Wednesday, September 24, 2008

Cowboys Do More Than Just Look Good in Chaps

The Economist has an article that proves cowboys are smart and good looking – if, like me, you think anybody who reads is smart and good looking.
BURNS is a tiny town in southern Wyoming surrounded by wheat fields and ranches….This town of just 300 people has a public library containing 11,500 books.
And Burns is not the only town in Wyoming where there are readers.
The average Wyoming resident checked out nine books in 2005-06, compared with an average of five in California and two in Washington, DC.
(Considering the shape of politics today, I’m not terribly surprised by the D.C. figures.)

The library in Cheyenne, Wyoming, has a third of a million volumes, meeting rooms, computer labs, book clubs for home-schooled children and teenagers, and a bookmobile.

In Laramie County, the librarians found out what the people wanted. And the people gave them the money - $27m in additional sales taxes. I like the Wyoming mind-set.

We usually go to Wyoming once a year, but missed our summer trip this time. I always check out the cowboys at Don King Days in Sheridan – and those guys must read a lot! Next time we go, I’m gonna visit the local library. Wonder if I can walk to it from The Mint Bar?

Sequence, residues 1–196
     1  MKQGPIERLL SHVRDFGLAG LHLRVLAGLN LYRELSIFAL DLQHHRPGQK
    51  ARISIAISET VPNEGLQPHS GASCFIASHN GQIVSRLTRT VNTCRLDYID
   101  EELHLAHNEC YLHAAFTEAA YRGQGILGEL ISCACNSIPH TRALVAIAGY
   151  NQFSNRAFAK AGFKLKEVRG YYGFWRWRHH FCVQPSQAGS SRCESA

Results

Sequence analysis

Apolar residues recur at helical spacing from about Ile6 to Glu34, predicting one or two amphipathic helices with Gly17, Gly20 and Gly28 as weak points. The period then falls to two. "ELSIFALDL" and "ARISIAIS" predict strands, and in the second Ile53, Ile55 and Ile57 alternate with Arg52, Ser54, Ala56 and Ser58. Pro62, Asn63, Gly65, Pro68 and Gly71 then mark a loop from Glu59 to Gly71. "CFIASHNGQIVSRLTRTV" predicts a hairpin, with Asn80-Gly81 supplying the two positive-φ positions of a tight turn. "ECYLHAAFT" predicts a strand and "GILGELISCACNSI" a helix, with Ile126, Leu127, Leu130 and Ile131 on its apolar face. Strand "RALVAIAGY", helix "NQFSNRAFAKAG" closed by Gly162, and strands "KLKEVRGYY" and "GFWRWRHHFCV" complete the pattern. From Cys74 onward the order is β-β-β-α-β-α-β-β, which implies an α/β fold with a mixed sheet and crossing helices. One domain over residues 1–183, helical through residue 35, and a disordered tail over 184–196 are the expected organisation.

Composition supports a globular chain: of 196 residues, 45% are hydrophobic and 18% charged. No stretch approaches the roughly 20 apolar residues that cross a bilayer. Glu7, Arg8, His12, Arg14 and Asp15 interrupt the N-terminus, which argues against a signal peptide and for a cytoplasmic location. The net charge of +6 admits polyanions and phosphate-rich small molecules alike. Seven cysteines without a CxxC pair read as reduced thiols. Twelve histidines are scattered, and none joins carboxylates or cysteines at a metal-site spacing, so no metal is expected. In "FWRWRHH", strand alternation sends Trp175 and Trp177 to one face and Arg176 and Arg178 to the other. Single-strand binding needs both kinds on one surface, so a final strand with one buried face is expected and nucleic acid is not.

1. It would also be interesting to know what they are reading. Do you suppose people in rural communities use the library more than people in urban areas...simply because there is less to do?

  2. You are amazing, Helen. I don't know where you come up with these great stats.

    By the way, I don't know any cowboys, but I do love country music!

    Morgan Mandel

  3. I used to hate country-western music, back when I was a kid and it was all my mother would allow on the car radio.

    But lately I've started listening ot c-w. It's nice to hear songs that you can actually understand all the words and all of them are singable in mixed company.

  4. LJ -- The article in The Economist said this:
    "The collection is skewed towards local interests. There is a lot of Christian fiction, as well as volumes on truck repair. Books on tape and CD are popular—not surprising in an area where people routinely drive great distances. The branch library in Burns has plenty of agricultural books, including one called “Small-Scale Pig-Raising”. But the libraries’ collections are not altogether predictable. Burns’s library also possesses five novels by Margaret Atwood, a Canadian feminist writer."

  5. Interesting article, Helen. I am not surprised that the small town in Wyoming has a lot of books. We are not quite that small here in Winnsboro, but we do have an amazing library for a town of about 3,500. One reason I think these small towns have thriving libraries is the fact that most don't have a bookstore and most don't have alternative forms of entertainment, movies, skate parks, etc.

    I do know some cowboys and I also love country music. :-)

  6. What an encouraging set of statistics that is! And a total myth buster too. I would like to know whether some books are banned or not...

  7. The article didn't mention anything about "banned" books, but did say the collection was slanted toward local interests and called the area "conservative."

  8. A very interesting post with perplexing stats - good research, Helen, and thanks for sharing - I gotta think some about this.


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